The Ethics of Cheating: Why We Shouldn’t Be Curious

Up, up, down, down, left, right, left, right, B, A, Start. Gamers among us perhaps know that series of inputs as the Konami Code. The Konami Code is, arguably, the most popular cheat code in gaming history, giving the player 30 extra lives to start a new game of Contra. G4 aired a cheat code based TV show, which explored all the ways a game could be manipulated to the player’s advantage. In short, cheating make up an important, almost essential, part of the gaming experience.

In planning this article, I realized that I hadn’t given much thought to the ethics of cheating. So, I tracked down an article in which the author (Feross Aboukhadijeh) tried to argue that cheating in itself is a good thing. Cheating, he says, occasions innovation. Cheaters are creatively expressing themselves in spite of the perimeters set by the gamers. In this respect, one might say cheating is like art: defiant, deviant, expressive, and subjective.

Valve and Cheating

But, as one writer put it, “Art, like morality, consists of drawing the line somewhere.” In this article I want to draw some lines. I will assess and evaluate this author’s argument for cheating, concluding his argument is no good as it is.

First, a definition. The author does not provide a definition of cheating. So, I will posit one. Cheating is willful manipulation of data or code to the player’s advantage. Usually, when gamers cheat, they do so with intent. They mean to get thirty extra lives, enter God mode, debug the game, and so on. So, though it may not encompass all possible instances of cheating, the above definition will suffice for this article.

Given this definition, does cheating occasion innovation? Sure. Suppose a child stumbled across a fresh pack of building blocks, all arranged in alphabetical order. The child rips open the package and shakes it about. The blocks fly all over the place, creating a mess of blocks no longer in their packaged order. Having accessed the blocks, the child is now free to do what he wishes with them. He can throw them, spell with them, chew on them, sit on them, and so on. Aboukhadijeh, I think, wants to argue that cheating is like the child playing with the blocks: full of creative potential, even if that potential extends beyond the intent of the blocks themselves.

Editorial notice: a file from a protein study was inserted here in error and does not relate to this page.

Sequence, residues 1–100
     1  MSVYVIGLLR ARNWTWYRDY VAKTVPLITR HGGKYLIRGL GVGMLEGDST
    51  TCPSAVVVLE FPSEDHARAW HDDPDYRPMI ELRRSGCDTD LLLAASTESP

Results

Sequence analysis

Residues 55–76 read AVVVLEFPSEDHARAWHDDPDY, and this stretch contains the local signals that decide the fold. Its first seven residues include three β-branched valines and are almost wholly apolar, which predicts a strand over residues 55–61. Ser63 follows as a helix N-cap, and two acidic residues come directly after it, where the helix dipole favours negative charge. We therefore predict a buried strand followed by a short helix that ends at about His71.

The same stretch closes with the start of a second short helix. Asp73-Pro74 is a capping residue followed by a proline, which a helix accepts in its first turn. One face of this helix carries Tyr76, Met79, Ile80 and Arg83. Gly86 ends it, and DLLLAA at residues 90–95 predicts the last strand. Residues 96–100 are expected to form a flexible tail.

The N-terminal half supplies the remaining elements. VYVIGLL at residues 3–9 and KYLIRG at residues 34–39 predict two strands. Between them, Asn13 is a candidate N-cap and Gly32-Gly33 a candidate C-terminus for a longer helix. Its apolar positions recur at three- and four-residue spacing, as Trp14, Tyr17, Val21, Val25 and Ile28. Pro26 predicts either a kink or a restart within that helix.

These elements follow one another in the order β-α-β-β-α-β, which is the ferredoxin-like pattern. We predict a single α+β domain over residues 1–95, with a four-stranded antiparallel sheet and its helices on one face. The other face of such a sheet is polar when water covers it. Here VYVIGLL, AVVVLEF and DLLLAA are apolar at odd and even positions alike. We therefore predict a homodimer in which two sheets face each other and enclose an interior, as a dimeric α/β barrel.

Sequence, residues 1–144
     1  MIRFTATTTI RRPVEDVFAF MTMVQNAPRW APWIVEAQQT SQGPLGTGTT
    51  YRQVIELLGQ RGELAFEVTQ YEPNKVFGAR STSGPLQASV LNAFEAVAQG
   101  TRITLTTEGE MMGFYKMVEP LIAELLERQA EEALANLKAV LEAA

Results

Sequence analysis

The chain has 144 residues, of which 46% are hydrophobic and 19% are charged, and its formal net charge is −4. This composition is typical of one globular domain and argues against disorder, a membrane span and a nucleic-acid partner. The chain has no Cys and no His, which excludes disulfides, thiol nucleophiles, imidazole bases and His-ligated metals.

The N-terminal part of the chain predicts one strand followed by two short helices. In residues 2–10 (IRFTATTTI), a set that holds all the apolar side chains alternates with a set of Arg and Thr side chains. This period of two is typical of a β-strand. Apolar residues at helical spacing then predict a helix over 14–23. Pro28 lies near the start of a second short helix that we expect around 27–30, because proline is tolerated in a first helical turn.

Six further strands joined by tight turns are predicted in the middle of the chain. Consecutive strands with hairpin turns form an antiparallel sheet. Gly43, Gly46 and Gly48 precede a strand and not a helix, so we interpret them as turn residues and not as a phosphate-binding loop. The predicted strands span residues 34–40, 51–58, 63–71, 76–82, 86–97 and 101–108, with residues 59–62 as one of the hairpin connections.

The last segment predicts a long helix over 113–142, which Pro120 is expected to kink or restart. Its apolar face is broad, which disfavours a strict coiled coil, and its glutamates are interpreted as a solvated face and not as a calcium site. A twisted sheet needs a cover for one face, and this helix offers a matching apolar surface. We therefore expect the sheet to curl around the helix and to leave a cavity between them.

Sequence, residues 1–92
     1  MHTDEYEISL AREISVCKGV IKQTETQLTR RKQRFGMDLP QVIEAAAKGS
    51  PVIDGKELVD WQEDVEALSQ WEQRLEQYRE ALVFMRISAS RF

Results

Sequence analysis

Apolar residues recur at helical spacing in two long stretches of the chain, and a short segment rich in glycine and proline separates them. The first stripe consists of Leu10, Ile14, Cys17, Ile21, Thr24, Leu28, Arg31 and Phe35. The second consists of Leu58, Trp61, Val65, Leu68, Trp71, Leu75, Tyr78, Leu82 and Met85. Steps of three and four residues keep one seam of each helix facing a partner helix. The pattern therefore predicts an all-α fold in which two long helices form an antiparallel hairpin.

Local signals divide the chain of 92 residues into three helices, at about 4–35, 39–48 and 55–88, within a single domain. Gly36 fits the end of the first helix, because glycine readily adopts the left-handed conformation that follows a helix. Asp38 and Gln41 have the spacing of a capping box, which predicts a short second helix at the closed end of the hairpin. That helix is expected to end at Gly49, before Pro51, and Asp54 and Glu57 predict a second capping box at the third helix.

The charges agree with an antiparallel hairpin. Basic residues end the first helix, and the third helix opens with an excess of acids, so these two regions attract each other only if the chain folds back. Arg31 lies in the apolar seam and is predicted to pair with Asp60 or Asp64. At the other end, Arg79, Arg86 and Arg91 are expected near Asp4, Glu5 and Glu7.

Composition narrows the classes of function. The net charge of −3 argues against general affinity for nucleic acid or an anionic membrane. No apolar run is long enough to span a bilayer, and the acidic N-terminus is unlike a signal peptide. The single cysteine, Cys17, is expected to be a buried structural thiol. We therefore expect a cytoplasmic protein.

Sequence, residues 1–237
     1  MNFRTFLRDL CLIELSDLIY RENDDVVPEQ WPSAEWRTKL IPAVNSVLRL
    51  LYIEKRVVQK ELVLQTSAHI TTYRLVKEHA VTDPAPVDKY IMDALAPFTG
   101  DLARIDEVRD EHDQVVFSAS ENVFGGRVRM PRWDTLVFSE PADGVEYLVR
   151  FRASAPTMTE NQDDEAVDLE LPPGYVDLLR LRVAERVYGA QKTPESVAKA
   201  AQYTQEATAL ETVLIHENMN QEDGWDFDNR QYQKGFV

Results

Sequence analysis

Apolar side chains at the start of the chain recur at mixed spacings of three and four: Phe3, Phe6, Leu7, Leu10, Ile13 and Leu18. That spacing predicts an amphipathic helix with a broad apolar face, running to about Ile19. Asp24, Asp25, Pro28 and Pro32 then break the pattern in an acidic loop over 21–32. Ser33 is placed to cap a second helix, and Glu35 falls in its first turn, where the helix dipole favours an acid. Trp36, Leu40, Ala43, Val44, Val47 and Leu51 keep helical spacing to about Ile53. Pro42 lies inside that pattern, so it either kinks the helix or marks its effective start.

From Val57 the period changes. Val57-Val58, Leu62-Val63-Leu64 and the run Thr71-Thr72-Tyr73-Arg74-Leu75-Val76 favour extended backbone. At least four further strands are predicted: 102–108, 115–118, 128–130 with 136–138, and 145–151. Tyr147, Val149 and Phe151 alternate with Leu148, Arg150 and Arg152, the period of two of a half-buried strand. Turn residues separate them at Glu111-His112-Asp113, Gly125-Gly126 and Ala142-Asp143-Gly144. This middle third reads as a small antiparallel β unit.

Cheating as Innovation

But does innovation justify cheating? Aboukhadijeh wants to say yes, I think, but, searching his article, I don’t see why. Perhaps I’m missing something, but his argument seems to say that cheating is good, because it’s creative expression, and that’s good…So, cheating is good. But reasoning from creative expression strikes me as very, very weak. I draw a line here, because creative expression lives within limits. It’s not in pushing lines but in drawing within them. There is freedom in submission to rules, enslavement in breaking them. So, the argument strikes me as unsound.

Therefore, if creative expression is not grounds for cheating, then curiosity isn’t either. By ‘curiosity’, I mean a selfish appetite for knowledge or some power outside some individual or community’s pool of knowledge. Some things are just not meant for players to play with. Perhaps gamers weren’t supposed to beat some games with unlimited health, unlimited ammo, and with all the unlockables at the start of the game. Perhaps a brand new WoW player isn’t supposed to be able to wear level 70 armor at level 7. So long as those things are possible, Aboukhadijeh’s argument needs some work.

Cheating and Curiosity

Of course, I haven’t covered everything. All I intended to show in this article is that Aboukhadijeh’s argument is neither sound nor valid. It might be true that creative expression is best understood as working within limits rather than going beyond them. So long as that might be true, Aboukhadijeh’s argument fails.

What do you think, reader? Is cheating immoral? Do you buy Aboukhadijeh’s argument? My counterpoint? Neither? Let us know in the comments below!

Ryan Shields

Ryan Shields

A young, thoughtful, amateur ludologist, who enjoys philosophy and what philosophy can teach us about gaming. Whether it's Aristotle and the latest RPG release or Lyotard and the future of VR, I'm eager to see how and what video games today assist us into living well together.

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